Monkeys do not like it when others get more food than they do, according to a new study.
Researchers from Yale and Harvard universities found Capuchin monkeys punish monkeys that get more food.
“This sort of, ‘If I can’t have it, no one can’ response is consistent with psychological spite, and it was previously thought unique to humans,” said Kristin Leimgruber of Harvard University. She is a co-author of the research study.
The researchers watched as some Capuchin monkeys were given more food than others. They found that monkeys getting the smaller share pulled a rope to collapse a table holding the other monkey’s bigger share.
Another lead researcher, Yale University psychologist Laurie Santos, explained over email.
"I think that we can conclude about humans is that some of our more embarrassing tendencies (e.g., not liking it when others get more than us in some situations) have relatively deep roots.”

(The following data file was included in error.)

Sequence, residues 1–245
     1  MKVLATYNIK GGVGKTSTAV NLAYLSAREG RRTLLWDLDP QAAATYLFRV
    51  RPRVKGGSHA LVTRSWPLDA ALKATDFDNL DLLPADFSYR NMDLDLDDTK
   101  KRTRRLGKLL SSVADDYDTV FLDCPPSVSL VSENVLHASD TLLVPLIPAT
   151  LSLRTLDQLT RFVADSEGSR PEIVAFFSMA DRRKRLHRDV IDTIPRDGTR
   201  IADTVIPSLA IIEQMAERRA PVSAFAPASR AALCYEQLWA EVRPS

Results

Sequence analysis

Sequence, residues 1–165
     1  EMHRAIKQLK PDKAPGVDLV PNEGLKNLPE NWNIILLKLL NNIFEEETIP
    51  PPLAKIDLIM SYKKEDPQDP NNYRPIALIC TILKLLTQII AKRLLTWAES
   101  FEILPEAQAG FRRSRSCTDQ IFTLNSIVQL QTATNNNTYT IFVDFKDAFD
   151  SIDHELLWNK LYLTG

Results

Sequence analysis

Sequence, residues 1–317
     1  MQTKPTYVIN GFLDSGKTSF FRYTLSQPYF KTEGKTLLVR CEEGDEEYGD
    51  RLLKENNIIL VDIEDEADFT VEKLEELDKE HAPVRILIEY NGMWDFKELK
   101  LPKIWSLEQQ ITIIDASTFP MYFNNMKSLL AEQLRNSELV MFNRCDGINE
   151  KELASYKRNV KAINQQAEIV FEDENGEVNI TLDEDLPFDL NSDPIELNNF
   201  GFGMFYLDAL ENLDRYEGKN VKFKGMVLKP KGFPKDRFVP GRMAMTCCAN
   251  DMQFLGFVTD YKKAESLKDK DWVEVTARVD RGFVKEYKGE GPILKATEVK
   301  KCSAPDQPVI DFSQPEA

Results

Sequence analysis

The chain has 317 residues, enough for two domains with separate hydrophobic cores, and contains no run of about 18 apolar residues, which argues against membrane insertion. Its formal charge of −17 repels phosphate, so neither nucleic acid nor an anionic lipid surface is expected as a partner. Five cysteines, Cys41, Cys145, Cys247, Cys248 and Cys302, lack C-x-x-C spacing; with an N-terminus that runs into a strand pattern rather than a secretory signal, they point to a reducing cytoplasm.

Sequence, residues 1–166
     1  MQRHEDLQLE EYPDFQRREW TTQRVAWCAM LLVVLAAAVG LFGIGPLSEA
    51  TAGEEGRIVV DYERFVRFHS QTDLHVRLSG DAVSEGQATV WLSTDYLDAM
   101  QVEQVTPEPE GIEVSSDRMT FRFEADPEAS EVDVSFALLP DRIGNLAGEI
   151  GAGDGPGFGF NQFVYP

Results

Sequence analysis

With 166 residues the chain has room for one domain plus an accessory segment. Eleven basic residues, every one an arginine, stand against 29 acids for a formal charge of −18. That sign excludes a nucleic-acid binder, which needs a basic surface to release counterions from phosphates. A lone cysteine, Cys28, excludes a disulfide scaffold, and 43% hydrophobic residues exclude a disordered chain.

Santos said the spiteful response was not present with another member of the ape species – chimpanzees.
An earlier study, she said, showed chimpanzees would collapse the table of other chimpanzees who took or stole food from them.
But they would not collapse the table of chimpanzees who just happened to have more food, Santos said. In other words, it was fine if another chimpanzee had more food -- as long as they did not steal it.
I'm Caty Weaver.
Bruce Alpert reported and researched this story for VOA Learning English. Kathleen Struck was the editor.
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Words in This Story
spite – n. a desire to harm another person because you feel that you have been treated wrongly or unfairly
previously – adv. happening at an earlier time
unique – adj. used to say that something or someone is unlike anything or anyone else
embarrassing – adj. to make (someone) feel confused and foolish in front of other people
tendency – n. a quality that makes something likely to happen or that makes someone likely to think or behave in a particular way
relatively – adv. when compared to other